These past few months, the Refuge Farms Management Team has spent Friday evenings in its first ever, formalized, planned, complete-with-agenda staff meetings! Sounds exciting, doesn't it? (We'll talk more about that in a little bit.)
And what have we accomplished so far? Well, I would say one of the most significant gains has been the development and documentation of the Refuge Farms Organizational Ethics. Sounds heavy, doesn't it? You know, it is, and it isn't...
Just what do I mean by
"Organizational Ethics?" They are the values or ethics that Refuge Farms is founded upon. We operate this venture on a day-to-day basis following some very simple principles that govern our actions, reactions, and interactions. In a way, these are written guidelines for how we live and work and play. I would like to tell you just what our ethics are:
Honesty: Saying what is true. Being true to oneself. Being true to the Missions of Healing. Now, this is not intended to be an ethic that causes blunt and brutal communication between people or between people and animals. No, it brings with it the tenderness of caring and concern. Of acceptance and tolerance. But honesty is a must to the building or re-building of trust. So honesty is a foundation trait — a very core ethic — for all of us involved with Refuge Farms.
Conformance to The Ways of The Farm: First you need to know that the Volunteer Handbook at Refuge Farms is called The Ways of The Farm. This document is centered around safety, consideration for all living creatures and reliable horse handling techniques. In order to insure that everyone — volunteers, horses and guests — are safe, we must know and conform to this handbook. Not easy for a free spirit! But obviously it's needed. And it is a constant challenge to remember The Ways of The Farm and to observe and tactfully remind those who may forget them from time to time.
Leadership by Example: Oh, this one is so much easier to write about that to do! This ethic requires a person who is leading anyone or anything to remain positive, polite and patient. And that, dear reader, is a tough challenge in the heat of controversy or in the middle of a crisis or even when you feel like taking a short-cut "just this one time!" This ethic requires all of us to remember that everyone is a leader and everyone is a follower. That's another tough statement of fact for some to accept!
Consistent Performance: I find this ethic most challenging of all. Personally, I am confident (usually) of my interaction with the horses and the public. But just when I'm getting a bit too big for my britches, one of the horses will do (or not do!) something that reminds me that without consistent
performance, only surprises will result. And a 2,500-pound surprise is not what I want on the end of a lead rope! That's for sure!
But this ethic of consistent performance also means that all of us are constantly aware of how our actions and words impact and affect others. Part of that leadership and honesty thing is mixed in here, too.
Spiritual Base: I'm sure you've guessed by now, that a Greater Being is a large part of who we are. Is it God? Doesn't have to be. Could be the Great Spirit of the Native Americans. Could be Buddha. Could be Nature. Could be whatever it is that leads you and guides you and is your personal Greater Being.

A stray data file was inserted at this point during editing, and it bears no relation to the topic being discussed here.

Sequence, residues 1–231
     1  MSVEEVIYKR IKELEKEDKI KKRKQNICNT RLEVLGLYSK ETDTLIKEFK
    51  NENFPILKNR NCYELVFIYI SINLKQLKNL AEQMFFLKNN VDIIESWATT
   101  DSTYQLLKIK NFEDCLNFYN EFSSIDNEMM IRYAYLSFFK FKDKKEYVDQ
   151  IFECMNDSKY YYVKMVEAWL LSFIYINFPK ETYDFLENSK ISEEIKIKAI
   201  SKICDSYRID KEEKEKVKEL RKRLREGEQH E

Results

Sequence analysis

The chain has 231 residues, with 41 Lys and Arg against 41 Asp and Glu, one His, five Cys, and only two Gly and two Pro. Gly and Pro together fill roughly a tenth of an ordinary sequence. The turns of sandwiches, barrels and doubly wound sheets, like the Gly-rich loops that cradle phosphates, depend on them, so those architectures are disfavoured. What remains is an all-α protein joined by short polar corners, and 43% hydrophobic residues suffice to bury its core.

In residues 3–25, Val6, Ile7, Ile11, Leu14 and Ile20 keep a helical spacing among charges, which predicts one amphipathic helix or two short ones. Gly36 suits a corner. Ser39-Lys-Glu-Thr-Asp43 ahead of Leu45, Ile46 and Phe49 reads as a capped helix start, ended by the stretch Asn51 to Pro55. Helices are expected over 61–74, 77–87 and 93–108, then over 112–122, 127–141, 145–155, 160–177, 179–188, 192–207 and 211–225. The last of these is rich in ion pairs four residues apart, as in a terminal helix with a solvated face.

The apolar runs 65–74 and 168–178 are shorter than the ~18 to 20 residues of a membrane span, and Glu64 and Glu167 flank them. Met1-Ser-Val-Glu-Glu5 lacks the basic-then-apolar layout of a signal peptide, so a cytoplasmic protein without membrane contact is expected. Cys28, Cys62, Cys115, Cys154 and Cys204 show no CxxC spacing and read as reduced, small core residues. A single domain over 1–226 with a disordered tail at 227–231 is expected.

And I've seen it happen...someone comes to The Farm without a firm spiritual belief and pretty soon they are referring to the "Faith Bucket" hanging in the barn- It kind of rubs off on you when you're around it enough.
But the spiritual side of all this rescue and healing is the very driving force that helps us deal with illness and crossings and aging. Read our mission statement. It is truly a spiritual drive that mandates that this little nonprofit keep on plugging! It is the honest and true faith that we are making a difference in our little corner of this big and crazy world: Refuge Farms has a purpose! And life's journeys have been as they have been in order to prepare us for this very mission.
It's taken me more than 50 years to get here, but I would be no other place. And that statement is founded totally on faith in a greater power and the master plan.
So now you know of our discussions in these formalized staff meetings: ethics — organizational ethics, at that! It's a big, big step for Refuge Farms to document such things and risk placing them on our Web site — right in with the organizational chart and job descriptions.
So why is my stomach in knots and my upper lip curling?
My physical reaction is strictly because of my personal history in "corporate America." I never did like "level-of-service meetings," "staff meetings," or whatever you call them. They always seemed so trivial and unnecessary to me.
In fact, many times I ran my meetings in a room with out chairs. You'd be surprised
how quickly you can reach consensus when everyone is standing!
But as the executive director of Refuge Farms, I find it necessary to take the time to meet and plan and discuss such things as ethics and policy. It cements the management team and identifies areas that need our priority.
And so, this Friday night there will be another Refuge Farms Staff Meeting. And after the meeting I will venture out to the center of the pasture and await my medicine, the medicine to calm my stomach and uncurl my upper lip.
And no, it's not a pill or ointment or an amaretto and coke. No, it's any horse at all that finds its way up to me and reminds me to be honest and consistent and spiritual and safe and a good, patient, kind leader.
Oh, the medicine of those "horse ministers?" It sure is good stuff! Good enough to make me start staff meetings at Refuge Farms!
Enjoy the journey of each and every day!
Sandy and The Herd